If your application stores the salesforce.com user password, your application may be vulnerable.
If your application collects other forms of sensitive data, your application may not be compliant with industry standards and the leakage of that sensitive data may cause a significant privacy incident with legal consequences.
Review the scheme used to store sensitive data and identify information collected in use cases and workflows.
As PII/HBI data varies from state to state and country to county, it is best to seek expert legal counsel to review sensitive data collected and stored.
Consider an application that must authenticate users. We have to store some form of the user’s password in order to authenticate them, i.e. in order to see if the user presented the correct password. We don’t want to store the password in plaintext form (i.e. unobfuscated or unencrypted), because if an attacker is able to recover the database of passwords (such as by using SQL injection or by stealing a backup tape), they would be able to undetectably hijack every user’s account. Therefore, we want to obfuscate the passwords in such a way that we can still authenticate users.
We could encrypt the passwords, but that would require an encryption key — and where would we store that? We would have to store it in the database or in some other place the application can get it, and then we’re pretty much back where we started: An attacker can recover the plaintext of the passwords by stealing the ciphertexts and the decryption key, and decrypting all the ciphertexts.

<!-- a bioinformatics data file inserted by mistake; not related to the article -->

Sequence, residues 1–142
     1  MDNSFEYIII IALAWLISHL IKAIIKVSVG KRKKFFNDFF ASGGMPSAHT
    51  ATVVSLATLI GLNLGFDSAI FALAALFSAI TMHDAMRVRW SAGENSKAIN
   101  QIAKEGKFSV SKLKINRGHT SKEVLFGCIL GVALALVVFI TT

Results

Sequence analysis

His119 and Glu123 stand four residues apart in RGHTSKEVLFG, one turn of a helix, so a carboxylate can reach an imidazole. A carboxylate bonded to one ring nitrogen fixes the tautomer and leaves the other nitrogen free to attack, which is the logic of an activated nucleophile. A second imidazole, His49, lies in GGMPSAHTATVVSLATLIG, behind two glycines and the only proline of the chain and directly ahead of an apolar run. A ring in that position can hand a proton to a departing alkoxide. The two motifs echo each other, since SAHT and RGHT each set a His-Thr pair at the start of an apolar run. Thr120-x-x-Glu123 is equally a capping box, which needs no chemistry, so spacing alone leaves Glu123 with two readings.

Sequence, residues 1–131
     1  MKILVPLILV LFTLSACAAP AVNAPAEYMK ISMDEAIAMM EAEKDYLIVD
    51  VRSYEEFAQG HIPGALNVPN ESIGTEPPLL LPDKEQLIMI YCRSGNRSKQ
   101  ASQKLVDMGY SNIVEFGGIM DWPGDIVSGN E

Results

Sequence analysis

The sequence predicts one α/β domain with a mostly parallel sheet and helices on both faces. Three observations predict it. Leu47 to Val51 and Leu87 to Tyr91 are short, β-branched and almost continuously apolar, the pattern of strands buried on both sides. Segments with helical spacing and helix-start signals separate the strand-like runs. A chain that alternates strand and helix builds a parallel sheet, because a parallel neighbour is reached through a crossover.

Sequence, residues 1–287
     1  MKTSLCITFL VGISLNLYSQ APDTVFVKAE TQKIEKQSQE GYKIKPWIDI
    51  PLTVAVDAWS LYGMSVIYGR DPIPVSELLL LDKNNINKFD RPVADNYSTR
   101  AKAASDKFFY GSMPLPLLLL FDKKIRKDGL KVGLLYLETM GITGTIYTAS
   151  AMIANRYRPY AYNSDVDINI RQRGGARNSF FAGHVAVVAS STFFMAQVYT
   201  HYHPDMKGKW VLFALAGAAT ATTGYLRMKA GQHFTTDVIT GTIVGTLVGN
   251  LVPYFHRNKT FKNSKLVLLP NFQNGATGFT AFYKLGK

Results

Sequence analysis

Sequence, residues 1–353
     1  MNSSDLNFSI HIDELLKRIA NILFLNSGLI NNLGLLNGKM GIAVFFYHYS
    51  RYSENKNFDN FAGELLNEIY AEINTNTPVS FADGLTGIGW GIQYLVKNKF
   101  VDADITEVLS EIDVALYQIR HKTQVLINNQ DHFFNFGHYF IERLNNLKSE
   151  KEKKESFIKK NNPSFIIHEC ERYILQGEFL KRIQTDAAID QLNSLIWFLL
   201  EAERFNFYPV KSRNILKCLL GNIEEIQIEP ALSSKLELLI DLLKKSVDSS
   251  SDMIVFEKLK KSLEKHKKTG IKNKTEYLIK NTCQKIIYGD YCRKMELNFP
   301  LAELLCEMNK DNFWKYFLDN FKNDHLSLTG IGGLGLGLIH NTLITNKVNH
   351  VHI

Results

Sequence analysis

(Most or all database-level encryption schemes fall prey to the “But where is the key?” problem. Note that full-disk encryption, as opposed to encrypting database rows or columns with a key known the database client, is a separate and arguably more tractable problem.)
Therefore, developers have historically used a cryptographic hash function, a one-way function that is (supposedly) computationally infeasible to reverse. They then store the hash output:
hash = md5 # or SHA1, or Tiger, or SHA512, etc. storedPasswordHash = hash(password)
To authenticate users, the application hashes the provided password and compares it to the stored password:
authenticated? = hash(password) == storedPasswordHash